Friday, October 24, 2014

Sociodemographic Differences and Infant Dietary Patterns

Pediatrics Editorial Board Member Joann Schulte, DO, MPH, shares her expert perspective on a new article from our November issue. To learn more about Dr. Schulte, check out her bio on our Contributors page.

By: Joann Schulte, DO, MPH

Jarred baby food. Photo by Parenting Patch via Wikimedia Commons
You are what you eat, and the diet for infants is supposed to be exclusively breast milk for the first six months of life. But what about the transition to solid foods in the second half of the first year? What dietary patterns are associated with adequate growth and not obesity? This infant feeding topic is an important one in a country where obesity and diabetes are common and emerge early.

New research published this month in Pediatrics (doi: 10.1542/peds.2014-1045) explores infants’ second six months of life and finds the transition to a different diet is important with regards to an infant’s growth, weight gain and obesity. Dr. Xiaozphong Wen and his colleagues at the State University of New York Buffalo did a secondary data analysis of the US Center for Disease Control and Prevention and the US Food and Drug Administration’s jointly funded and administered Infant Feeding Practices Study data to examine dietary patterns of infants as their parents started their transition to solid foods.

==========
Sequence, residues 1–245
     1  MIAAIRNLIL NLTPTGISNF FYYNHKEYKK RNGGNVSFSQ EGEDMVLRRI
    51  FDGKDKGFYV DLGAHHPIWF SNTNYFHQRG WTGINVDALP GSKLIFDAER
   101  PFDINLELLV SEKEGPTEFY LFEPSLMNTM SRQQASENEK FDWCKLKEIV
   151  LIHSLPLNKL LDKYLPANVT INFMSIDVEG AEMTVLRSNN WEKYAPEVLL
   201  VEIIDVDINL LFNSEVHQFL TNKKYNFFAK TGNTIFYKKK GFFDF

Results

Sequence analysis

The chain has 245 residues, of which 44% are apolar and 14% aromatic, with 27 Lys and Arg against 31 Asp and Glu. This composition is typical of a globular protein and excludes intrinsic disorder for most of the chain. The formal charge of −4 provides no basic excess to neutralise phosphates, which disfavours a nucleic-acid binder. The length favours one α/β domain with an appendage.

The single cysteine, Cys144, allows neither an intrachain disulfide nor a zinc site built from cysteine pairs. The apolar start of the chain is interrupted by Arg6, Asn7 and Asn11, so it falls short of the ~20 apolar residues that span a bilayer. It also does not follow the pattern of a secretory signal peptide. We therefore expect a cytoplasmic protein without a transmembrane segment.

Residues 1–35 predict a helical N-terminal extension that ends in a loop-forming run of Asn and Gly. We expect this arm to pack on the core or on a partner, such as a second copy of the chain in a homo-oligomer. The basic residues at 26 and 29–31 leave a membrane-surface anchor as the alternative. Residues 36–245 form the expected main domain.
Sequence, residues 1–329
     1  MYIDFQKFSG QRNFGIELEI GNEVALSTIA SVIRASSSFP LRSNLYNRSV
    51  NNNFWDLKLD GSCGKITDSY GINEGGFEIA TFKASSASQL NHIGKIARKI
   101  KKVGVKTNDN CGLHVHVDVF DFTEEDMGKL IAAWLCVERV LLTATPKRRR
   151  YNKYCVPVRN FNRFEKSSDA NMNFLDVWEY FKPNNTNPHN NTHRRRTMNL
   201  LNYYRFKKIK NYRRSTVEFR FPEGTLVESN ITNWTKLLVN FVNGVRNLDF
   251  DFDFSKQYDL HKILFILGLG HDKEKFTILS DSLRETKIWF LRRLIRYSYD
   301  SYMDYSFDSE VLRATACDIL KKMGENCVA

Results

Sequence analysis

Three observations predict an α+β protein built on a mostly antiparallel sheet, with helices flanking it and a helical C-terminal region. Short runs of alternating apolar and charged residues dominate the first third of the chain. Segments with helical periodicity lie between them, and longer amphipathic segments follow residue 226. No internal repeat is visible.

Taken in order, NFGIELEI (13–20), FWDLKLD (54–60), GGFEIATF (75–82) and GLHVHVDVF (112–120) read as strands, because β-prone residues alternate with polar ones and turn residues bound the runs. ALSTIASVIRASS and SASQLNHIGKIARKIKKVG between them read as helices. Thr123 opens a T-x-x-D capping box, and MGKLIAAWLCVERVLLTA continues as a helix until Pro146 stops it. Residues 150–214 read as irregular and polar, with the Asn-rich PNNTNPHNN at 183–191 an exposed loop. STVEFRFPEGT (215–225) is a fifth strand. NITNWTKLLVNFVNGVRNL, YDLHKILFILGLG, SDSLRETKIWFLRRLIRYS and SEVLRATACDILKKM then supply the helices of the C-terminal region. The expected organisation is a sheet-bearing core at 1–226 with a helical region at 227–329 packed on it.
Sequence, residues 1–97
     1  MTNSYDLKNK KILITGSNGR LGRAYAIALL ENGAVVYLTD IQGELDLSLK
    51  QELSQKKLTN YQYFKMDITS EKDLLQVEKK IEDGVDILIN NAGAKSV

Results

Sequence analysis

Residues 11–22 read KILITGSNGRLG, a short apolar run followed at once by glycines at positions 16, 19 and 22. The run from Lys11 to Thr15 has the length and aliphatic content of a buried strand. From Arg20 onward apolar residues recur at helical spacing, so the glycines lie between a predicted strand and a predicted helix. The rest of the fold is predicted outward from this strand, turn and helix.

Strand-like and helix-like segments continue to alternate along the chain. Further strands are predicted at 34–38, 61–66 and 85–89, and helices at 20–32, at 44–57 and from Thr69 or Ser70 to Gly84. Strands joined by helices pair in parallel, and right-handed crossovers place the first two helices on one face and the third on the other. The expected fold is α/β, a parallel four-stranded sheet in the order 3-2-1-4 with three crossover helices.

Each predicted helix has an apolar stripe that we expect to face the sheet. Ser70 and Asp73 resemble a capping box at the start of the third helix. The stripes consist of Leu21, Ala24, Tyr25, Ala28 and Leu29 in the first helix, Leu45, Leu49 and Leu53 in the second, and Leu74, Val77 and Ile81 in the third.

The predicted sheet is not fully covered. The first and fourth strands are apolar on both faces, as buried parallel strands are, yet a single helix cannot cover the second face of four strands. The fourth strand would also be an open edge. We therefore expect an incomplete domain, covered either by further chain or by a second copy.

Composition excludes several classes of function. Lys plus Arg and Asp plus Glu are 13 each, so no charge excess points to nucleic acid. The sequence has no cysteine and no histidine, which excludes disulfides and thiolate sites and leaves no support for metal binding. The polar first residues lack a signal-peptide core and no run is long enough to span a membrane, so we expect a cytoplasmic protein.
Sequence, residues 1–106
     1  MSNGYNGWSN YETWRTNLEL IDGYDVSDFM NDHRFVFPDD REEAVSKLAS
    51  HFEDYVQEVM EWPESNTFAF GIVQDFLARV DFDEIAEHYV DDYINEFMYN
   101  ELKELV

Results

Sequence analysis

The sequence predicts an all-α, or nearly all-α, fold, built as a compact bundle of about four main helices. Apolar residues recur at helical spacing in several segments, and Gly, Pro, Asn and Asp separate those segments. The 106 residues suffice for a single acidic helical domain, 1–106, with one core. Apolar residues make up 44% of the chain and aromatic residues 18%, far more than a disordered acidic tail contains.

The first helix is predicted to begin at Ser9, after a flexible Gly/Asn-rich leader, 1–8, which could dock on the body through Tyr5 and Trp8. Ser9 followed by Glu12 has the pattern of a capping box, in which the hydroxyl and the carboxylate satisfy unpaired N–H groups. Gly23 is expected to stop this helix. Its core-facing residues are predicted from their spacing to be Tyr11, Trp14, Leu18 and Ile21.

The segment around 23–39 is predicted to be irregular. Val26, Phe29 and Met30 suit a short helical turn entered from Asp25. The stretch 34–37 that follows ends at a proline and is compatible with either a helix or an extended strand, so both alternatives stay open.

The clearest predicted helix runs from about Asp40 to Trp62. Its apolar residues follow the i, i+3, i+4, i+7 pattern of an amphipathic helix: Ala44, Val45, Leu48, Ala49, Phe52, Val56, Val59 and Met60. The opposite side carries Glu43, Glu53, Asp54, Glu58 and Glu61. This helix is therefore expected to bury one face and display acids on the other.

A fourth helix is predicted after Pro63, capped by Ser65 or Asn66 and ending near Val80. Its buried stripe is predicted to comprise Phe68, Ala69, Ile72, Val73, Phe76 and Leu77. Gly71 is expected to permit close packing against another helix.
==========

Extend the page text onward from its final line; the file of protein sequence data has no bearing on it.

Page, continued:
The Buffalo researchers analyzed a subsample of 1,555 infants followed from 2005 to 2007 and looked at four dietary patterns and growth, identified based on 18 foods typically eaten by US infants. The 18 foods included formula, breast milk, juices, cereal, fruits, vegetables, meats, seafood, peanuts/nut products and sweet foods.

At six months of age, the four patterns were “high sugar/fat/protein”, “infants guideline solids”, “formula”, and “high dairy/ regular cereal.” At 12 months, the four patterns were “high sugar/fat/protein”, “infant guideline solids”, “formula/baby cereal” and “high dairy”.

Mothers supplied the dietary histories, reporting what their infants were fed in the prior week. Nine surveys were done, spanning the transitions in feeding patterns from three months to 12 months.The researchers calculated sex- and age-specific length-for-age Z scores and BMI Z scores to examine infants’ growth and a correlation with each diet.

At six months of age, “high sugar/fat/protein” and “high dairy/regular cereal” were associated with infants being shorter and fatter. The authors concluded that the “infant guideline solids” with breastfeeding was a promising, healthy diet for infants.

The study is an important one because it provides information that can guide physicians and parents in selecting a diet that will help children grow without being coming obese. The right diets can shape children’s health as adults and offer a way to control diabetes and other conditions related to obesity.

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